Hot cross Christians irate over buns

By Suren Naidoo Time of article published Mar 29, 2012

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While Woolworths has come under fire from some Christians for putting the halaal certification mark on hot-cross bun packaging, Father Chris Townsend of the Southern African Catholic Bishops’ Conference has labelled the issue “a storm in a baking pan”.

Yesterday e-mails on the issue made the rounds of SA and also featured on Twitter and Facebook.

In the messages some members of the Christian community complained that hot-cross buns had special significance to Christians, and thus the halaal symbol – signifying foods Muslims may eat – should not be used.

“It’s not about the ingredients – it’s the act of taking something tied to my beliefs and stamping it with a halaal symbol,” another read.

But Townsend said it was “over-reaction by some members of the Christian community” and people should be more understanding.

“We live in a multicultural society and need more understanding and religious tolerance… Hot-cross buns are only a symbol and not a central tenet of Christianity. There are a lot more weighty issues to deal with in SA than a few ‘hot cross Christians’,” he said.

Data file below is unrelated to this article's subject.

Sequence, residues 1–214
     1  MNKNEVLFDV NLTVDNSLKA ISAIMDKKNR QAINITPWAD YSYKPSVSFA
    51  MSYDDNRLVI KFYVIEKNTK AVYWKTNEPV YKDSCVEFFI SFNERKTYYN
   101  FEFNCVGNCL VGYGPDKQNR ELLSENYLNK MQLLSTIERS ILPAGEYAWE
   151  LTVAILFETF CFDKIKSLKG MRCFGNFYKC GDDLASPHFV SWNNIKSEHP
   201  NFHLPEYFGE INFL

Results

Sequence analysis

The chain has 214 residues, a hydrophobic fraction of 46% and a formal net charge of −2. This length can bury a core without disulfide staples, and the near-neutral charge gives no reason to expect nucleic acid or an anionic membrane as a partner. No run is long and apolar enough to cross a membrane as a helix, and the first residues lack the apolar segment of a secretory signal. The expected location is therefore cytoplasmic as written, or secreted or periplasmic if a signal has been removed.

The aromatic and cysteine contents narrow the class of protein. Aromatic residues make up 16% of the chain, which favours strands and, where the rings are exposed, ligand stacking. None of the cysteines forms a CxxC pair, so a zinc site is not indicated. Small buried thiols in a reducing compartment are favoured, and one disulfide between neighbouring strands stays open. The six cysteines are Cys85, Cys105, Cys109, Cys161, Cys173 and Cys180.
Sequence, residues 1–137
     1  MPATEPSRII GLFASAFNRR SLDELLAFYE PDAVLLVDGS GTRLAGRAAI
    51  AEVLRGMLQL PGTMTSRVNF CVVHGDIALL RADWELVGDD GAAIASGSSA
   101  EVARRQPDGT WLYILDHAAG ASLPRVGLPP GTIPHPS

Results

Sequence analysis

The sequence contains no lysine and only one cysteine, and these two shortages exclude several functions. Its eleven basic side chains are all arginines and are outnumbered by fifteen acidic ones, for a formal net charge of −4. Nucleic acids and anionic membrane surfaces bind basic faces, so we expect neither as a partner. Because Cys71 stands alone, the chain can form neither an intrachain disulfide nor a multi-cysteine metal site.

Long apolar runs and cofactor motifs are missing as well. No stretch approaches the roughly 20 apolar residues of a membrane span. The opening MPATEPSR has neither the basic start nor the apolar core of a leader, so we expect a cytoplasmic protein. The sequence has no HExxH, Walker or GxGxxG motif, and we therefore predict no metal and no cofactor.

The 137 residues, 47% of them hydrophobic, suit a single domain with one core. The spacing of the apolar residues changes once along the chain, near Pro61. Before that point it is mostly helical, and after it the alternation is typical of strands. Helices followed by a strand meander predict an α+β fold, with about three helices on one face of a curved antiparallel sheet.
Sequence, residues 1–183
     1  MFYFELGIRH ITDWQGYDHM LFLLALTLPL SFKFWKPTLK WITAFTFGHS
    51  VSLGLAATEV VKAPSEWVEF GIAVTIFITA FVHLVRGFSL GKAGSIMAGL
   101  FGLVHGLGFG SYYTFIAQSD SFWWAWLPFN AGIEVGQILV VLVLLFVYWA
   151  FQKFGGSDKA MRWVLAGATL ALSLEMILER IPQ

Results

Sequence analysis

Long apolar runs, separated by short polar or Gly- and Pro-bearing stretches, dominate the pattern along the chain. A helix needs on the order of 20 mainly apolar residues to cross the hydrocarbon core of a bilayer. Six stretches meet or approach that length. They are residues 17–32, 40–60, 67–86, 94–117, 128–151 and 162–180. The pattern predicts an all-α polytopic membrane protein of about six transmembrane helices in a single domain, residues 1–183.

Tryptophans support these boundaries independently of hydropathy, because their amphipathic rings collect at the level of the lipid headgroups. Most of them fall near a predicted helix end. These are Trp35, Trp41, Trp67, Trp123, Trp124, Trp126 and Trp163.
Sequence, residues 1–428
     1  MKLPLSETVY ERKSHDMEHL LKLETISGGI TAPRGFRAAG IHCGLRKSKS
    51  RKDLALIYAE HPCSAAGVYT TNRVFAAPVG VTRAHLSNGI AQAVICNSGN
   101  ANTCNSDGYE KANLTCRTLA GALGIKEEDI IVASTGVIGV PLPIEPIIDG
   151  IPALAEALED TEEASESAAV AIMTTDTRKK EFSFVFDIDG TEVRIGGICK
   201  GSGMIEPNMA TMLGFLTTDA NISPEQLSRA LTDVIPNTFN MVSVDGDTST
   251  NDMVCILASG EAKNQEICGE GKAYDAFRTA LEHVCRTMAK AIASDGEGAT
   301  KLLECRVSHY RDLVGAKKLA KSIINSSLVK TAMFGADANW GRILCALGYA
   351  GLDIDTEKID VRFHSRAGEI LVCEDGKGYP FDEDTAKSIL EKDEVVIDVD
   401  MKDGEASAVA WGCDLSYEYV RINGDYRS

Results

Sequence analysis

“Woolworths is not being insensitive to Christians. In fact, they are being sensitive to the food certification requirement to accommodate all communities by including the halaal and kosher marks. Christians don’t have the same food-marking requirements, so I don’t have a problem with the issue. The halaal stamp does not mean the food was prayed for by Muslims, but that it is okay for Muslims to eat,” said Townsend.

Responding to e-mailed questions from The Mercury, Woolworths said it had had complaints from some Christian customers.

“They were unhappy about us selling hot-cross buns with a halaal certification over the Easter period. We apologise and assure our customers that no offence was intended… our next Easter offer will have both non-halaal certified hot-cross buns and halaal certified spiced buns,” it said.

“Woolworths sells hot-cross buns throughout the year. They are produced in a facility that is halaal-certified. Our desire was to offer this well-loved product on an all-inclusive basis that would not exclude any of our customers from enjoying them… All our customers are very important to us and we take all their feedback seriously,” added the company.

Woolworths said hot-cross buns had been sold in shops under the current labelling for several years.

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